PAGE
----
I guess that’s why I don’t trust relationships that haven’t been tested. It takes a long time to get to the point where you’re comfortable enough with a person to yell at them in a boat launch while your new (used) boat is floating away. Sure, it’s not perfect communication, but it’s life. The fact is that more often than we’d like, life sucks, and it’s in dealing with this that we learn how strong our relationships are. It’s not the cuddling and the niceties that we cherish at the beginning or the promises of forever we make in the middle…it’s the carrying out of the promise when times are hard. And, let’s face it, times are hard more often than not.
Recently, Brother broke up with his girlfriend of 2+ years. It was surprising at first because I thought they were on good ground. But as he talked about it, I realized that he knew better than I did that sometimes relationships are hard. It turns out they had been having problems for awhile, and not being in a place where he is ready to make that commitment to fix them for better or worse, he was ready to let go when she decided to end it. And that, too, is a sign of maturity. Realizing when the love isn’t strong enough to move forward is better than moving forward without thinking twice about the consequences.
My point is this: whether it’s putting a boat in the water, dealing with someone in a new relationship, or just riding the waves of life things aren’t perfect. People yell, fight, say things out of anger and move on. It’s who we are. In fact, in those rare relationships you see where this doesn’t happen, I worry about the sanity of those people.
Real love comes from being tested…it comes from being in the water to your ass, knee deep in seaweed, pushing a boat to the dock because you failed to keep it there after getting off. Real love comes from comforting your partner when their father is diagnosed with lung cancer. Real love comes from going through bankruptcy or other legal trouble with both your names and your livelihood on the line. Real love is watching the other sick in a hospital bed and not being able to do anything but be there.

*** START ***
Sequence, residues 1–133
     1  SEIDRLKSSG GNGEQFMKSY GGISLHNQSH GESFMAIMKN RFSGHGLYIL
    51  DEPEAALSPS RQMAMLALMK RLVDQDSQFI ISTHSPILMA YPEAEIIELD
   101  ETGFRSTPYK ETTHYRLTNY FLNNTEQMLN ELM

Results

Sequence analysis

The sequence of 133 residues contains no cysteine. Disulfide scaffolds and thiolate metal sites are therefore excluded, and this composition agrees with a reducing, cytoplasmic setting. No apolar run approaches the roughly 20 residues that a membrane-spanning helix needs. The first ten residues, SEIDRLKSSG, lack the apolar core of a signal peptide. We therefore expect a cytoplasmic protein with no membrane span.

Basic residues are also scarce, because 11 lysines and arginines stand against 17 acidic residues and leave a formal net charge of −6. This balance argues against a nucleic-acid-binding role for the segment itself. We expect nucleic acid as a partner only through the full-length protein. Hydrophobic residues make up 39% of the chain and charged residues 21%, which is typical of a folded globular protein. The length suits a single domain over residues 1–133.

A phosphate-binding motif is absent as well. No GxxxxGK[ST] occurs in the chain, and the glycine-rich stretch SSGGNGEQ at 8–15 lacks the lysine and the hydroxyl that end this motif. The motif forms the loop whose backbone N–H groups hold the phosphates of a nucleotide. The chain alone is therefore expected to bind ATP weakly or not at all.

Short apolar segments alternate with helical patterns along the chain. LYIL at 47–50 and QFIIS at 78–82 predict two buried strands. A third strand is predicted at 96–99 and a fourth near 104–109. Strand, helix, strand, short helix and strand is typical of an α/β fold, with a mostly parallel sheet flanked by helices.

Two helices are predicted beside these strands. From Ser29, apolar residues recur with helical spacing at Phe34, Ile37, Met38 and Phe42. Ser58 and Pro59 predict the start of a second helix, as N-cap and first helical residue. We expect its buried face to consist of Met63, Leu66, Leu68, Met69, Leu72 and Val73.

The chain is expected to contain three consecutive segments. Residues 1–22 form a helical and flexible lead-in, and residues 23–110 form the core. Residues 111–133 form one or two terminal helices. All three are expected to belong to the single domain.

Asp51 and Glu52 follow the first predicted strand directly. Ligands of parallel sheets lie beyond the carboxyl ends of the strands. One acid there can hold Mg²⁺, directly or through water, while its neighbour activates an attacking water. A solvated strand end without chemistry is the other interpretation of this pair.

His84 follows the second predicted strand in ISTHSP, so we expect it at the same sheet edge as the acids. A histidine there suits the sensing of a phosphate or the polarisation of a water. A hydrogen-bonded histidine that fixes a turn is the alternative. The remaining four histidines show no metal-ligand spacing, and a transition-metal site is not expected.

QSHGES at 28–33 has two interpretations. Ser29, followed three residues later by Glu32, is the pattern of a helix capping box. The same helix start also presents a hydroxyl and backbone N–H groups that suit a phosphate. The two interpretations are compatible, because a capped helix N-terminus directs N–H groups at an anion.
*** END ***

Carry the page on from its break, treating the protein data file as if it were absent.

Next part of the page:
Real love isn’t just roses and lovely sayings–it’s putting into action those things we’d rather not do in order to get by.
Relationships are hard ass work. Sometimes you secretly want the other person to fall deaf and mute. Sometimes you want the other person to disappear, just for awhile, so you can get your bearings. Sometimes you want all the world to stand still so you can do what the other person needs from you and move on.
Though this is true of relationships of all kind, especially deep friendships, nothing has taught me more of this than marriage. And though I’ve only been married for almost three years, I’ve learned that it takes work to keep a relationship going. It takes constant reevaluation. It takes constant compromise. It takes constant vigilante justice on the battle lines of love and hate. And it takes a wicked sense of humor and a large amount of patience.
When The Mister asked if the whole boat-fiasco was truly that bad and I laughed in his face, he seemed disappointed. When I told him it was a disaster from start to finish, he seemed sad. But what he failed to realize was this: that experience taught us more than we could have possibly learned in good times. And as much of a pain in the ass it was, I don’t think I’d trade it for something better.
That’s how you know you’re in a good relationship, or at least one worth fighting for: when you’ve had a totally horrible time and the first thing you think of is what you learned for next time.
Because there will always be a next time.